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Earin M-2 review

True wireless earphones with unusual smarts

Technology is a funny old game. What’s new one day is a dusty old relic the next.

Take these tiny Earin M-2 earphones. They have more processing power than the computer that sent NASA astronauts to the moon in 1969.

OK, so we made that up, but the smarts built into these £219 earphones is flat-out unusual.

They can tell not just when they’re in your ears, but which side. They can assess the noise outside and block out everything at a certain distance. And they sound pretty good too.

On paper the Earin-M2 are just about the best true wireless earphones around. However, fairly short battery life and that you end up babysitting techy “convenience” features that are actually fiddly and unreliable make these earphones a high-maintenance partner.

Design: Stylishly sleek

The Earn M-2 are some of the smartest-looking true wireless earphones in existence, particularly the charging case. It’s a metal cylinder, the shape of an oversized designer-y lipstick or a particularly good-looking piece of vaper hardware.

It opens with a satisfying click to reveal the two Earin M-2 buds, which sit in their little charge beds like pampered wedding bands. The earpieces themselves are a lot smaller than some too.

This is all a deliberate part of their appeal. True wireless earphones like these can often look a little odd, because of the amount of tech they need to fit in each earpiece: a battery, audio circuitry and a receiver for the wireless signal. There’s no convenient remote housing to cram it all in here, so they often end up huge.

It would be easy to overstate the style factor here, mind. All a passer-by with see of the Earin M-2 when worn is the sheet of glass over the back of each bud, and perhaps the little LED right in the centre that flashes as they are used. It’s easy to mistake the glass for plastic, but these earphones are certainly smarter-looking than a pair of EarPods.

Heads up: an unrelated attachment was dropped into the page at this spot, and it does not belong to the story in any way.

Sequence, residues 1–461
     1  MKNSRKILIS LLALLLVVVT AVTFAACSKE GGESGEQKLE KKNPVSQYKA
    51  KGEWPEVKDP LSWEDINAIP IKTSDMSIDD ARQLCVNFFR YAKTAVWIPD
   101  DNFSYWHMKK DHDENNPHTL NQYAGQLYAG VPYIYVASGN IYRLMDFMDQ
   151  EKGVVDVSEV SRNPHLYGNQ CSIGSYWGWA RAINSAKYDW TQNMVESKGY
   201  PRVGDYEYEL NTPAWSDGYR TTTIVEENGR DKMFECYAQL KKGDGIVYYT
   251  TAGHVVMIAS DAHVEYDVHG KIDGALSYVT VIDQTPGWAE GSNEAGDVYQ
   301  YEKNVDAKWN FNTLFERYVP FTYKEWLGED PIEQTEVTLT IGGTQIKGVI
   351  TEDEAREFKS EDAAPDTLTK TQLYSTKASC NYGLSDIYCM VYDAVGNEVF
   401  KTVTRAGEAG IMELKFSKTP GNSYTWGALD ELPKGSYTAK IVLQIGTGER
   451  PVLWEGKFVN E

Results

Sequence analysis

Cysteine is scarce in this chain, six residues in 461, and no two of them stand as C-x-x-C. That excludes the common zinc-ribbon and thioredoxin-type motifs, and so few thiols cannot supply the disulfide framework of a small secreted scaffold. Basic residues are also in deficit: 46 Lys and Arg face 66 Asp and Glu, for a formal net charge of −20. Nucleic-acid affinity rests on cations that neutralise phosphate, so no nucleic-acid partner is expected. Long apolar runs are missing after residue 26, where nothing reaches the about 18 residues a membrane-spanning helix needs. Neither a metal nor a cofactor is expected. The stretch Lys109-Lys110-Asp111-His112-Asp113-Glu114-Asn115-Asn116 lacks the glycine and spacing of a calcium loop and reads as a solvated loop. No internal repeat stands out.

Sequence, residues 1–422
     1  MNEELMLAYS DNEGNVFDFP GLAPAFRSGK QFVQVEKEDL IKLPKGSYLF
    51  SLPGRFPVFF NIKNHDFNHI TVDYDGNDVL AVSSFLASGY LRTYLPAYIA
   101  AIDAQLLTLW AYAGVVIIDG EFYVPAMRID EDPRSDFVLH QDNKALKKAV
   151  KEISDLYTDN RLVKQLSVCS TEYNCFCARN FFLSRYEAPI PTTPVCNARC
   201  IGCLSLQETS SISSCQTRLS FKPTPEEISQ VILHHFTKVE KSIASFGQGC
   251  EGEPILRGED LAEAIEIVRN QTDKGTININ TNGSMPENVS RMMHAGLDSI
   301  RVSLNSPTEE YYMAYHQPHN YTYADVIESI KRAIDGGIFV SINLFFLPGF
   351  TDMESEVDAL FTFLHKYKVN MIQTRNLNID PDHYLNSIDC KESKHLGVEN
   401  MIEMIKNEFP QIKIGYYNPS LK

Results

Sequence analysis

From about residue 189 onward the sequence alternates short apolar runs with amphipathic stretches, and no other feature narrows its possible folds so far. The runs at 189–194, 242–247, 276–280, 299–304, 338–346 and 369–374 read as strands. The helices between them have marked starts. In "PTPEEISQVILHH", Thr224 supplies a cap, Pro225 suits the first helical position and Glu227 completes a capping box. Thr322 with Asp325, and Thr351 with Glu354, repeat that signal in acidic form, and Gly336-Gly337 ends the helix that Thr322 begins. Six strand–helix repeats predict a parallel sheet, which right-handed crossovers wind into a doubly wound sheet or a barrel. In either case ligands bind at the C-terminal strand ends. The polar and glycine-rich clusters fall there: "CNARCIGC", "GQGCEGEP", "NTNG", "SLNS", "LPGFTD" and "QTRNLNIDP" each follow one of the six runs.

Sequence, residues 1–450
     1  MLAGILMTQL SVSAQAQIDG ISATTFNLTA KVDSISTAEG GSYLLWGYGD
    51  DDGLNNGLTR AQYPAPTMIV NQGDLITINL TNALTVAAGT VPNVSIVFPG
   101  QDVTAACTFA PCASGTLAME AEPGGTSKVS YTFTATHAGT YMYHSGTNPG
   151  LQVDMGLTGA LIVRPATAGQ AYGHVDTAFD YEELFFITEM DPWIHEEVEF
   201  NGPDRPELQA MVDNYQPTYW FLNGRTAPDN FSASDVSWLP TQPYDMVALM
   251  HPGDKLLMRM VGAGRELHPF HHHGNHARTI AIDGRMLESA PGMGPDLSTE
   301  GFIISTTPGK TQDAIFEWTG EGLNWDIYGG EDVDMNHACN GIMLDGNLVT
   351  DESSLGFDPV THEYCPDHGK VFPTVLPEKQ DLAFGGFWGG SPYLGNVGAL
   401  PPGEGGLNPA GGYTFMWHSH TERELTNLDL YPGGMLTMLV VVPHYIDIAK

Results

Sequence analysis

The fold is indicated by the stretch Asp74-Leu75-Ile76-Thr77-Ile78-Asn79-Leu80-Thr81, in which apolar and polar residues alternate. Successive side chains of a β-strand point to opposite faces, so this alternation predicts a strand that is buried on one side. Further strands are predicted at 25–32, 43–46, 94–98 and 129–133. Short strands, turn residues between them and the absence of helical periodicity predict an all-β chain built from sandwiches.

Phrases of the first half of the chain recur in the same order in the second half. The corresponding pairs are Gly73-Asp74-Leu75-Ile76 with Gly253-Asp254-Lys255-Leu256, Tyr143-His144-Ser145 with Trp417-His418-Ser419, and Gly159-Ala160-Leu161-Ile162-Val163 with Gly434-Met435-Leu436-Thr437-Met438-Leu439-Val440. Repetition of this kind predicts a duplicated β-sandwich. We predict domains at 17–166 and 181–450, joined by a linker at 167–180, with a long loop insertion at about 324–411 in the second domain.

Comfort is great too. The Earin M-2 feel like normal IEM earphones, the kind with tips on the end, but even better as there’s no cable to weigh them down. Running with them in is a great experience. Well, for the most part.

The Earin M-2’s battery life is not great, and not even close to Earin’s claim of four hours. Running them from full to flat, with no breaks, they last just 2 hours 46 minutes.

And unless you check in the app the only notification you get is a single set of bleats through the earphones a few minutes before they bow out. They gave up five minutes into a run one day. You’ll have to accept that this sort of thing will happen every now and then with this true wireless pair.

The Jabra Elite 65T last a good while longer between charges, no doubt because they’re also about twice the size.

Features: Mixed bag

Features: Mixed bag

Fancy tech is one of the other draws of the Earin M-2, other than small size. They have their own active noise cancellation, powered by four microphones, and use a NFMI MiGLO chips. They let these earphones judge which ear their put in, and alter the stereo feed to suit.

There’s a transparency mode too. This pipes through a certain amount of ambient audio so you can hear what’s going on. Nothing too special there. However, in the Earin app you can also choose the distance of the audio to let in. Want to silence your clacking keyboard at work, but still be able to hear someone talking to you? No problem.

Like any ambient mode, the Earin M-2’s doesn’t sound 100% natural. It’s sound picked up with mics, and played through speaker drivers. Every middle man degrades the sound a bit, but it’s a nice-to-have feature if you want to use this pair at work or for urban runs.

There’s more too. The Earin M-2 are designed to sense when they’re in your ears, and when they aren’t. Take one out and the music pauses. Put the bud back in and the music starts up again.

Having lived with the Earin-M2 for a few weeks now, though, they try a little too hard to be clever. And like most M. Night Shyamalan movies, these earphones aren’t quite as smart as they think they are.